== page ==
In In the Shadow of Du Bois: Afro Modern Political Thought in America (Harvard UP, 2009), Robert Gooding-Williams argues that The Souls of Black Folk (1903) is W.E.B. Du Bois’s outstanding contribution to modern political philosophy—that it is his still influential answer to the question, “What kind of politics should African Americans conduct to counter white supremacy?” Souls is historically rooted in the segregationist era of Jim Crow, but like most great works of political philosophy its authority reaches well beyond its origins, so much so that its compelling ideas and arguments continue to be taken up by contemporary theorists of black politics in post-segregation America. As Gooding-Williams interprets Souls, it holds that a politics fit to respond to the Jim Crow version of racial apartheid must satisfy two conditions. The first relates to Du Bois’s description of African Americans as “masses:” to wit, to his characterization of African Americans as an aggregate of uncultured, pre-modern slaves or former slaves. The second relates to his description of African Americans as a “folk:” that is, to his characterization of African-Americans as a group united by a collectively shared ethos, or spirit. For Du Bois, a politics suitable to counter Jim Crow had both to uplift the backwards black masses–to assimilate them to the constitutive norms of modernity–and to heed the ethos of the black folk. In short, it had to be a politics of modernizing “self-realization” that expressed the spiritual identity of the folk–what in the book I term a politics of expressive self-realization. Du Bois envisions black elites—the so-called “talented tenth”—as deploying the politics of expressive self-realization to rule and uplift the black masses.
Robert Gooding-Williams (Ph.D., Yale, 1982) is the Ralph and Mary Otis Isham Professor of Political Science and the College. His areas of interest include Du Bois, Critical Race Theory, the History of African-American Political Thought, 19th Century German Philosophy (especially Nietzsche), Existentialism, and Aesthetics (including literature and philosophy, representations of race in film, and the literary theory and criticism of African-American literature). Gooding-Williams is the author of Zarathustra’s Dionysian Modernism (Stanford, 2001) and Look, A Negro!: Philosophical Essays on Race, Culture, and Politics (Routledge, 2005). In The Shadow of Du Bois is his most recent book and in 2010 won two commendations: one, for the best book on race, ethnicity and political thought awarded by the Race, Ethnicity, and Politics section of the APSA (American Political Science Association); and the second, an honorable mention citation in relation to the David Easton Award, awarded by the Foundations of Political Theory section of the APSA (the Easton award is for a book, published in the past 5 years, that “broadens the horizons of contemporary political science by engaging issues of philosophical significance in political life through any of a variety of approaches in the social sciences and humanities”).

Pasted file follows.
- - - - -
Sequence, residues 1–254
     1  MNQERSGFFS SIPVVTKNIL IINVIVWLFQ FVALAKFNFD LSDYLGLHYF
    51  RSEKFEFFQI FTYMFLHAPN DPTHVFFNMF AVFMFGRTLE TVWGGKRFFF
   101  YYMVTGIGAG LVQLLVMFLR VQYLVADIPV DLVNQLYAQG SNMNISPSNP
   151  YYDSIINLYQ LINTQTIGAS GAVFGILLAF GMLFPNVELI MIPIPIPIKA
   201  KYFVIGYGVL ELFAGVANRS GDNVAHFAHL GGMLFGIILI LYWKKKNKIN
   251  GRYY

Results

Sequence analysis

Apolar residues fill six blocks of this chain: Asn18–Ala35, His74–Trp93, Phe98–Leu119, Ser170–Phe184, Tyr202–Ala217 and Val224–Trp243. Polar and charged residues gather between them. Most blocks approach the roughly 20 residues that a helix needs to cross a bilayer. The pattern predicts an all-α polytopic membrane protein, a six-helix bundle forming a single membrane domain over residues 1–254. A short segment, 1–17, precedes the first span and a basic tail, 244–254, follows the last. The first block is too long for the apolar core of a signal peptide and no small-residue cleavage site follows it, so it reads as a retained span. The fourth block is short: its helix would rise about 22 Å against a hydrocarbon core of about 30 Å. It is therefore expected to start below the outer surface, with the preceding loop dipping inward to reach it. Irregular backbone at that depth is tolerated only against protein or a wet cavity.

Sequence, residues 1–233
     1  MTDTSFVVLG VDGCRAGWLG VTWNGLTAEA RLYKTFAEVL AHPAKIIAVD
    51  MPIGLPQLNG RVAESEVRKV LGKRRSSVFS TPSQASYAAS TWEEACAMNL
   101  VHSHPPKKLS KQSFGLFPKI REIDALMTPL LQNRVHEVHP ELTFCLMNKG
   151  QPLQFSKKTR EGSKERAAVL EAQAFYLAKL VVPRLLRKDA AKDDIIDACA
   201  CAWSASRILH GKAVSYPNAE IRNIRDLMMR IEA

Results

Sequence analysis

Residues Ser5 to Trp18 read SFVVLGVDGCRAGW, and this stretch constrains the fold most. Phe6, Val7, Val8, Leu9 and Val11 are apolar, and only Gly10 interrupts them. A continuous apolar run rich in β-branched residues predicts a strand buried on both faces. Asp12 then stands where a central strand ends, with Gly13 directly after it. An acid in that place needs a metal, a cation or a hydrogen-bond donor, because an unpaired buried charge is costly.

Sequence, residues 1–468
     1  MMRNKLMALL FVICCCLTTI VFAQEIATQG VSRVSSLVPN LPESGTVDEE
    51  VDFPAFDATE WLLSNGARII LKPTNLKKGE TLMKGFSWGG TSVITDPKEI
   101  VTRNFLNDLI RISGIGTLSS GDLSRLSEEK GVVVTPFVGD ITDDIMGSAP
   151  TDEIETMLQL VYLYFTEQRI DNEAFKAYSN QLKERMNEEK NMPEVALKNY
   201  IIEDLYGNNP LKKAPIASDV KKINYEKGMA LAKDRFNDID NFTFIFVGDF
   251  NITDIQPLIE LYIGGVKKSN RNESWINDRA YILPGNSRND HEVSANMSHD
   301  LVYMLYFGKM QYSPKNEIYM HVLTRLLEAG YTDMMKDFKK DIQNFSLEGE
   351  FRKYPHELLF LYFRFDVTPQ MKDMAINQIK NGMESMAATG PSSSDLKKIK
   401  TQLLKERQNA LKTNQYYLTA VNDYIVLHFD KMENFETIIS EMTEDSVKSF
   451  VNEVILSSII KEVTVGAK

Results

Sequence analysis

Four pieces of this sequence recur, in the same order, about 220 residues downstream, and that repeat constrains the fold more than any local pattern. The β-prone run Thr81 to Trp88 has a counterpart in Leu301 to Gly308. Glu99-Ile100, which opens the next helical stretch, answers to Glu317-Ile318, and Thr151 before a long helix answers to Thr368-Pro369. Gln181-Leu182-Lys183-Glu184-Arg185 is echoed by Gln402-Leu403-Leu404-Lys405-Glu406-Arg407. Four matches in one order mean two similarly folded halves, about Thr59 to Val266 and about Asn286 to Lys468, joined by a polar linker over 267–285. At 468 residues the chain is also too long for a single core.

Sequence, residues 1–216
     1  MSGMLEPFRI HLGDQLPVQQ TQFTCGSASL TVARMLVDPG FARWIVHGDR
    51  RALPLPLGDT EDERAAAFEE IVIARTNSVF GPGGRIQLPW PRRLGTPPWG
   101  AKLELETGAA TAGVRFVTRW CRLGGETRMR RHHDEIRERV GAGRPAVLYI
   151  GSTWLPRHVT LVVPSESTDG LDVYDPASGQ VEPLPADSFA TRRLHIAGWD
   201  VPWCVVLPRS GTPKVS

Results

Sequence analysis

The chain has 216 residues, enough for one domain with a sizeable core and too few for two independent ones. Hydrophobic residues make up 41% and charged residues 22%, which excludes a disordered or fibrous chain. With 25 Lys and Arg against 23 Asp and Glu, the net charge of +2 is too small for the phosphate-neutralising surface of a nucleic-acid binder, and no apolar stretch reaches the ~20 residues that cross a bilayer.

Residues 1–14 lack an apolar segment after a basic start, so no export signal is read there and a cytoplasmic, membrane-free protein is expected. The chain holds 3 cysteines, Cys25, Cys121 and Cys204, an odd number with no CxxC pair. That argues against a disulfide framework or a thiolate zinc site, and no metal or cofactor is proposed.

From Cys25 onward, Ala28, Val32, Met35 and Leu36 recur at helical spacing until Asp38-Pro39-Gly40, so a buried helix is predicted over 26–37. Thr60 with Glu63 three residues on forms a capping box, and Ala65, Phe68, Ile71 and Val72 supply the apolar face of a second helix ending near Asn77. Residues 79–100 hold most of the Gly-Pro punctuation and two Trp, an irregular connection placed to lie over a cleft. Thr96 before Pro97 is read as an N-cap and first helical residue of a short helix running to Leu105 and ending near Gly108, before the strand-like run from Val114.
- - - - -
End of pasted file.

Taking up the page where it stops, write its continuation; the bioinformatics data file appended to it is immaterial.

(Lectures in China by Robert Gooding-Williams were sponsored by the American Culture Exchange Center, a joint project between the University of Chicago and Shandong University. This series was funded, in part, by the American Center for Educational Exchange.)